Introduction to New EU Reporting Requirements for Digital Platforms under DAC7

Introduction to New EU Reporting Requirements for Digital Platforms under DAC7

Council Directive (EU) 2021/514, also known as DAC7 or the seventh version of the European Union (EU) directive on administrative cooperation in the field of taxation, addresses the taxation of income generated through digital platforms. The aim of the directive is to ensure greater transparency by introducing new reporting requirements and allowing for the automatic exchange of information between EU member states. Platform operators will be required to adapt their practices and provide more extensive information on the sellers who use them. The guide below will offer a primer on the subject, allowing you to better understand the implications for your business.

What is the purpose of DAC7 and when did it come into force?

DAC7 aims to address the issue of lost tax revenue that comes about when income earned via digital platforms goes unreported. Under the new directive, platform operators need to begin reporting the newly required data by 31 January 2024, with data collection starting on 1 January 2023.

What businesses are affected?

DAC7 affects all platforms irrespective of their size if they engage in connecting sellers with customers to facilitate the sale of goods, rental of immovable property provision of personal services, or the rental of any mode of transport.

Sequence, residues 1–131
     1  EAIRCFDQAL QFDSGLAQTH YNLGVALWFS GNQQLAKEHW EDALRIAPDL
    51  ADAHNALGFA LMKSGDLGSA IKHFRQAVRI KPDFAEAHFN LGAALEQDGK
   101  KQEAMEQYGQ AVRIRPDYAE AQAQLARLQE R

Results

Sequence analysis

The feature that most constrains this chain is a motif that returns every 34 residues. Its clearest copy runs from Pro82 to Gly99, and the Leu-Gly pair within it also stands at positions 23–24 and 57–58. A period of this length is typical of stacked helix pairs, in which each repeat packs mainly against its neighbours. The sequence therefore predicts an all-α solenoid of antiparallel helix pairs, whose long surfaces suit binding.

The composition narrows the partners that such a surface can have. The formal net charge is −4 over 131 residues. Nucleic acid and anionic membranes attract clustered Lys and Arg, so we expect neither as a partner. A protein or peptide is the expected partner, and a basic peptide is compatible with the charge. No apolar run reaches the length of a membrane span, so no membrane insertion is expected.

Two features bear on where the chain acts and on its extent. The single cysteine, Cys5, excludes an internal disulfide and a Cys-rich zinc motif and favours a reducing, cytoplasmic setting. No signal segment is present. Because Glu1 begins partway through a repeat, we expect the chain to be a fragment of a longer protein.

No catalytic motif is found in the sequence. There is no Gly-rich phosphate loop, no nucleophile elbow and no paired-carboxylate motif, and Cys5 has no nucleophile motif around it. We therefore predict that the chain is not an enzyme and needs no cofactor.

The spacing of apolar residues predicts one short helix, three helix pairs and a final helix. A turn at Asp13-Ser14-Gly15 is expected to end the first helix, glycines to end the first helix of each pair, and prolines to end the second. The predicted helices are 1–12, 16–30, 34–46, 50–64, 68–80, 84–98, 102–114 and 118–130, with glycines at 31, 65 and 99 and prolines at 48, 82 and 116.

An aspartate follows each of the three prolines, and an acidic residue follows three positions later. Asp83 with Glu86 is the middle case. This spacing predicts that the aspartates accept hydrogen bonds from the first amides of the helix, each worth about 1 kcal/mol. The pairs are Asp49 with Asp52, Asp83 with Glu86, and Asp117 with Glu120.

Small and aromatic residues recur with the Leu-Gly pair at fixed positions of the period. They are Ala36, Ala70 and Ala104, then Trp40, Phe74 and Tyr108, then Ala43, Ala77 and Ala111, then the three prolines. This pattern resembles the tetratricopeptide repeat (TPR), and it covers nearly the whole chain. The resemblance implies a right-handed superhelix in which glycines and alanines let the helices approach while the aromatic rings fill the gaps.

The new directive applies regardless of whether a business is based in the EU or not. If the platform is facilitating commercial activity by a seller in the EU or is engaged in activities relating to immovable property within the EU, they should be reporting the required information. The same applies to companies that are resident in an EU country. However, platforms only need to be registered in a single EU member state and do not need a different registration for each one where their sellers perform reportable activity.

Are there any exemptions to DAC7?

Government entities and sellers that perform fewer than thirty transactions for less than 2,000 EUR are exempt from reporting obligations of DAC 7. The same applies to those listed on a stock exchange, or who rent the same immovable property through the same platform more than 2,000 times during a reporting period.

What information should be collected from sellers?

DAC7 platform operators must collect detailed information from sellers. This includes both individuals and legal entities. In both instances, this will involve the total consideration paid or credited to reportable sellers during each quarter of the period in question; the number of activities that took place; any fees, commissions or taxes withheld or charged by the platform; and, the financial account identifier, if available.

Specifically in the case of individuals, DAC7 platforms should collect the following:

  • First and last name.
  • Their primary address.